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e Association for Rehabilitation and Training” (HEART) Training” (HEART) nd r Rehabilitation and Training” nym is an appropriate one and(HEART) describes the place that scribes the place that onewith and the describes thethe place that In their words, npriate working horses or children. Helping Children Realize a Dream ildren. In their words, he horses or the children. In their words, By Michelle Binder-Zolezzi each children to ride.” In our Inland Northwest community, there are many peo- sons, day camps, ride.” Charitable organization and aandFederal 501(c)3. The Youth Rescue Horses ple working in ways that both inspirees benefit young horse shows, and rs Youth &&Rescue Horses ederal 501(c)3. The anization and athegeneration Federal 501(c)3. The special activipeople, the and the future of ourfor world. . Possible” isnext guiding principle theTheorganization. volunteers at the “Healthy Equine Association for Rehabilita- ties that HEART ee for the organization. principle for the organization. th guiding rses that may be candidates for euthanasia, horses attend. tion and Training” (HEART) are such people. HEART’s acro- rehabilitate uthanasia, rehabilitate he nym is an appropriate one and describes the place that every Consistent with eT)l candidates forprograms euthanasia, life involunteer lesson andrehabilitate activities young people HEART’s mission comes from when working with the horsesfor or the ities for young people at children. In their words, “First weyoung save horses, then we teach to improve the ograms and activities for people nams currently support the programs provided through s, horses lives of children, children to ride.” provided through yeney. support the isprograms provided through an active ScholChildren participate in lessons, dayand camps, horse HEART a Washington State Charitable organization he ns, day camps, horse a Federal 501(c)3. The motto “Making the impossible…. Pos- arship program participate in lessons, day camps, horse n. t HEART attend. Consistent withHEART’s HEART’s mission provides funding sible”horses is the guiding principle for the organization. te with HEART’s mission for young riders mission is to rescue horses that may be candidates for euthaattend. Consistent with HEART’s mission , an nasia, active Scholarship program provides funding for le rehabilitate them and return them to a useful life in les- through national, provides funding for Making the gh olarshipand program provides funding forprograms. son programs and regional and local organization’s youth programs. egional local organization’s youth se outh programs. activities for young HEART horses travel too. Hardworking, talented HEART bl e! Impossible... Possible! on l organization’s youth programs. peopleare and currently disad- students are currently raising funds to go to the 2015 Cowboy Making the dworking, talented HEART students raising sor are currently raising vantaged youth. Dressage World Finals in California! Not every trip is that big. ed HEART students are currently raising cur- every ynia! Dressage World in California! trip2014, is two special horses spent the day at West In summer Eleven horsesNot Impossible... Possible! Not every tripFinals is ng Central Episcopal Church Youth Camp, taking children that rently support the ld in California! trip is special spent theNot dayevery atprograms West Centralhad Episcopal is Finalshorses never touched a horse on rides. HEART horses reguprovided West Central Episcopal al larly attend community events, and have even visited folks in through Relational pent the day at West Central Episcopal dren on rides that had never touched a horse. HEART RT Riding Academy in special care facilities. One man walked a few steps without hed a horse. HEART re at had neverand touched a horse. HEART his walkercare just to touch the horse that visited his home. The Cheney. Children nity events, have even visited folks in special atfolks in special care participate in les- horses truly have an almost magical effect on human beings have even visited folks in special care nd w steps without touch the horse his thatwalker just to touch the horse that se walker just tothemagical touch horse ors e ... First an we rehabilitate horse... the lyhishuman have almost effect onthat human beings and on beings and r ide . Then we teach children to ride. es st magical effect on human beings and REALIZE A DREAM courage, joy, love and trust when they are around these ms they are around these Youth && Rescue Horses Rescue Horses Rescued ne ve and Horse trust when theyHorse are around these FirstYouth we rehabilitate the horse... First we rehabilitate the er-Zolezzi d, First we rehabilitate Then the we horse... teach children First wedue rehabilitate the horse... First we rehabilitate thethe horse... Then we teach children to ride. ’s ve few options to injuries, illnesses or diseases illnesses or diseases erehabilitate many people working in ways that both Then we teach children to ride. Then we the teach children tochildren ride. ny Then weofhorse... teach to starvation, ride. due to the injuries, illnesses or diseases eration and the future our world. The king in ways that both has saved horses suffering from problems orstarvation, problems children to starvation, ride.(HEART) problems for Rehabilitation and Training” reteach Rescue es suffering from ure of our world. The ere injury, and has even raised funds for surgery. One Horse Rescued Rescued nds for surgery. One opriate one and describes the placeHorse that Rescued Horse ng has even funds surgery. One Rescued Horse ndhorses Training” (HEART) duled euthanasia but was donated to HEART instead, the or raised the children. In theirfor words, ed to HEART instead, p: How You Can Help: he ride.” was Rescued Horse aoth donated to HEART escribes the that or but orado to Spokane in hopes that, instead, with the help of HEART’s EER SPONSOR | place DONATE | VOLUNTEER the help of HEART’s ganization and a Federal 501(c)3. The ns es,he hopes that, with the help of HEART’s hildren. In their words, port: Ourto Programs depend on your organization. support: einguiding saved. He was saved and went on to teach many principle for the nt on teach many • Horse Rescue be for euthanasia, rehabilitate ascandidates saved and went onlove to teach can’t keep horses they due to many their own illnesses or • Riding Lessons their own illnesses or programs and activities for young people • Summer Day Camps they love due toprovided their own illnesses or home ederal 501(c)3. The donor wanted her horse to have a forever where Making the support thehome programs through astly forever where • Horse Visitations HEART programs are Our Programs depend How You Can Help: • Special Introductions participate inorganization. lessons, day camps, horse e for the er horse to have a forever home where and loved, and that is where he is. on your support: offered through: s. Impossible... Possible! rough: s attend.HEART Consistent HEART’s mission SPONSOR | with DONATE | VOLUNTEER programs are offered through: ♥ Horse Rescue RELATIONAL uthanasia, rehabilitate that ismore where he is. ming self-sustaining and is exploring fundraising EMY RELATIONAL RIDING ACADEMY exploring fundraising holarship program provides funding for Riding Lessons RIDING okane 3714 W♥ Anderson Rdon| Spokane Our Programs depend your support: fundraising vities for young people sustaining and is exploring How You Can He althe organization’s youth programs. How You Can Help: aritable donations are critical to the survival of the survival of the ♥ Summer Day Camps ACADEMY A TION WA STATE CHARITABLE ORGANIZATION • Horse Rescue ted HEART students are currently raising How You Can Help: FEDERAL 501(c)3 rams provided ns are critical toNot the survival of like the| DONATE How You Can Help: 3714 W Anderson Rd ♥ Horsethrough Visitations or the horses and staff fundraisers HEART’s major • Riding Lessons SPONSOR | DONATE | VOLUN s like HEART’s major SPONSOR | VOLUNTEER orld Finals in California! every trip is SPONSOR | DONATE | VOLUNTEER IT : TO MAKE A DONATION VISIT: Spokane, WA ♥ Special Introductions • Summer Day Camps You Can Help: ons, day camps, horse nd staff fundraisers like major and donations spent the day atdonations West Central Episcopal SPONSOR | DONATE | VOLUNTEER Kids Carnival” held theHEART’s fall. Fundraisers g www.SpokanesHEART.org raisers and SPONSOR | in DONATE VOLUNTEER TO| MAKE A DONATION VISIT: www.SpokanesHEART.org • Horse Visitations that had never touched a horse. HEART STATE CHARITABLE ORGANIZATION Our WA Programs depend on your su with HEART’s mission Our Programs depend on support: eld in• Special the fall. Fundraisers and donations ! Our Programs depend on your your support: Rre | DONATE |rescue VOLUNTEER or contact Michelle Binder-Zolezzi • 509-290-4301 TODAY!! for theDONATE horses and provide scholarship funds, Introductions de scholarship funds, FEDERAL 501(c)3 d have even visited folks in special care Our Programs depend on your Rescue support: • Horse JULY 2015 •Donate. HORSE PREVIEWS • PAGE 12 provides funding for Our Programs onthat your support: • Horse Rescue horses and provide scholarship funds, HEART programs areadepend offered through: Sponsor child; Volunteer; uthorse; hisDonate. walker just to touch the horse er; RELATIONAL RIDING south oneffect youronsupport: most magical humanACADEMY beings and• Riding Lessons • Horse Rescue • Riding Lessons programs. • Horse Rescue adepend child; Volunteer; Donate. 3714 W Anderson Rd | Spokane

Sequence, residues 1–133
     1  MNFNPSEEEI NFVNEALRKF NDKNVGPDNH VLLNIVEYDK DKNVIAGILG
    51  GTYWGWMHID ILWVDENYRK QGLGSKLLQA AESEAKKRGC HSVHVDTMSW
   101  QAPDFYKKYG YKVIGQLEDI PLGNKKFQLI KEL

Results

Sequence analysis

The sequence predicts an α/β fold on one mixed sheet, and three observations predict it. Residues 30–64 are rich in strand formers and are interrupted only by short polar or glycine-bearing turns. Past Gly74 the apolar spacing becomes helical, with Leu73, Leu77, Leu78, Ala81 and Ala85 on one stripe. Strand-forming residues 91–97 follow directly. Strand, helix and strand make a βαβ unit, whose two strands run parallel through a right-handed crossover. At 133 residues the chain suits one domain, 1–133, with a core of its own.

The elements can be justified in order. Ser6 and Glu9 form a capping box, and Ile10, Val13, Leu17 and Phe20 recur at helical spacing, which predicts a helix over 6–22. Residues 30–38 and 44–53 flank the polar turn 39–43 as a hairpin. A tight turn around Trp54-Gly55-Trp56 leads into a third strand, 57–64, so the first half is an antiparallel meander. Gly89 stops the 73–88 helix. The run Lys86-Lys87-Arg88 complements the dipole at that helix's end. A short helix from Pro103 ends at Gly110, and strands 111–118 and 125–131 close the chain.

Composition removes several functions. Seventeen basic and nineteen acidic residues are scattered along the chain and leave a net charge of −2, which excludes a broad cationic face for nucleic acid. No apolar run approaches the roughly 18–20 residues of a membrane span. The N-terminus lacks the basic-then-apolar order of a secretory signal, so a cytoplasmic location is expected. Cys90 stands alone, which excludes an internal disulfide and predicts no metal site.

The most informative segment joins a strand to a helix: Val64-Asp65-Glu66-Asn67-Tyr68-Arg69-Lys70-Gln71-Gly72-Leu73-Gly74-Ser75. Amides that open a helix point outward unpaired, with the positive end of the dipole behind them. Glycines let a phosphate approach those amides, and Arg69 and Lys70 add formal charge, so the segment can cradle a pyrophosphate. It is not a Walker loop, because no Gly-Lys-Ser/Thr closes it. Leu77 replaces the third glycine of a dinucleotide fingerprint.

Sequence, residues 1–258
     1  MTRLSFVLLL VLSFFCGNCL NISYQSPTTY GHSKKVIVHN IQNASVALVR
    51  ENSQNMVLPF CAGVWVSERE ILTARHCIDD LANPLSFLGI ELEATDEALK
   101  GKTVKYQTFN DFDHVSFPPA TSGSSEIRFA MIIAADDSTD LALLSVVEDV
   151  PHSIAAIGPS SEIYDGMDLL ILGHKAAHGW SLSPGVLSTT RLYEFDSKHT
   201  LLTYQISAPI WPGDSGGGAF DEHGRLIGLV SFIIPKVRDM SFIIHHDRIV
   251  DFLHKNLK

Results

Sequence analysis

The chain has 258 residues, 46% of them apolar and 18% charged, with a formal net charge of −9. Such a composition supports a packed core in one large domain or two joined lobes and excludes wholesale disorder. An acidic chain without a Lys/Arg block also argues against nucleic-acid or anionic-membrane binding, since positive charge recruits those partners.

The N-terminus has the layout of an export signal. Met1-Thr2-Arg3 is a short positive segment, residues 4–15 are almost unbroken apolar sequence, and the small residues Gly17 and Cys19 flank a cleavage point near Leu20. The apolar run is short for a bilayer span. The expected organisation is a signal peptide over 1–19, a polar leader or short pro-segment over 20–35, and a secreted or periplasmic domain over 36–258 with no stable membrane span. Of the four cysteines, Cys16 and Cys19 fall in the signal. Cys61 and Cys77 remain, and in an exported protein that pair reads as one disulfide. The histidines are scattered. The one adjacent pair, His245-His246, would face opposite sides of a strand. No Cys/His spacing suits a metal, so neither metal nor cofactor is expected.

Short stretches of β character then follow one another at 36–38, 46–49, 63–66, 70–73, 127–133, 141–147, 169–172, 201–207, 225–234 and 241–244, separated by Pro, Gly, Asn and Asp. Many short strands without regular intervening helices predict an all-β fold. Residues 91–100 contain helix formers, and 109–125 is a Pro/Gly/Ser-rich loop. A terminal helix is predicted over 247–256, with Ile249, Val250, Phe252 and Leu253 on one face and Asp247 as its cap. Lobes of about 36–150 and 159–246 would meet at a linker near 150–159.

Making the Making the Making the Making the Impossible... Poss aking the Impossible... Possible! Impossible... Possible! Impossible... Possible! ible... Possible!